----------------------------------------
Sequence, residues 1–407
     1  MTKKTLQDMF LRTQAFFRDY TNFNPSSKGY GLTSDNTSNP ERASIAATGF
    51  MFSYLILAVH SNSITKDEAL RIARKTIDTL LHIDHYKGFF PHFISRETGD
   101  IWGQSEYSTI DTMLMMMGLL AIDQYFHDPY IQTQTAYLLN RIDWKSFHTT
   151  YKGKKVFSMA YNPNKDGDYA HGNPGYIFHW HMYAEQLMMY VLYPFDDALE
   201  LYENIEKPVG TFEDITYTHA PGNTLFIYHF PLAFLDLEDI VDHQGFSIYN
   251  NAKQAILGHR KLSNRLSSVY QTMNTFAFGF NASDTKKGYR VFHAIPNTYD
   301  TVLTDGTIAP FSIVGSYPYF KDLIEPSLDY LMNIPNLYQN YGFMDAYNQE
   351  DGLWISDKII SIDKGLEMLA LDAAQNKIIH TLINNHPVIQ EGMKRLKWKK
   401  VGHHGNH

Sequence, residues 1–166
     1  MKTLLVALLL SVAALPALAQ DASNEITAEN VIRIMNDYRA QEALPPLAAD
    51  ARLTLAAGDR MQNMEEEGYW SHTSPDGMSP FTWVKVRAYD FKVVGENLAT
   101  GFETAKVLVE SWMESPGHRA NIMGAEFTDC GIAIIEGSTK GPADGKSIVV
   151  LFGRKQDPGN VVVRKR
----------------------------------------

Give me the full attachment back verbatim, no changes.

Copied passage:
Sequence, residues 1–407
     1  MTKKTLQDMF LRTQAFFRDY TNFNPSSKGY GLTSDNTSNP ERASIAATGF
    51  MFSYLILAVH SNSITKDEAL RIARKTIDTL LHIDHYKGFF PHFISRETGD
   101  IWGQSEYSTI DTMLMMMGLL AIDQYFHDPY IQTQTAYLLN RIDWKSFHTT
   151  YKGKKVFSMA YNPNKDGDYA HGNPGYIFHW HMYAEQLMMY VLYPFDDALE
   201  LYENIEKPVG TFEDITYTHA PGNTLFIYHF PLAFLDLEDI VDHQGFSIYN
   251  NAKQAILGHR KLSNRLSSVY QTMNTFAFGF NASDTKKGYR VFHAIPNTYD
   301  TVLTDGTIAP FSIVGSYPYF KDLIEPSLDY LMNIPNLYQN YGFMDAYNQE
   351  DGLWISDKII SIDKGLEMLA LDAAQNKIIH TLINNHPVIQ EGMKRLKWKK
   401  VGHHGNH

Sequence, residues 1–166
     1  MKTLLVALLL SVAALPALAQ DASNEITAEN VIRIMNDYRA QEALPPLAAD
    51  ARLTLAAGDR MQNMEEEGYW SHTSPDGMSP FTWVKVRAYD FKVVGENLAT
   101  GFETAKVLVE SWMESPGHRA NIMGAEFTDC GIAIIEGSTK GPADGKSIVV
   151  LFGRKQDPGN VVVRKR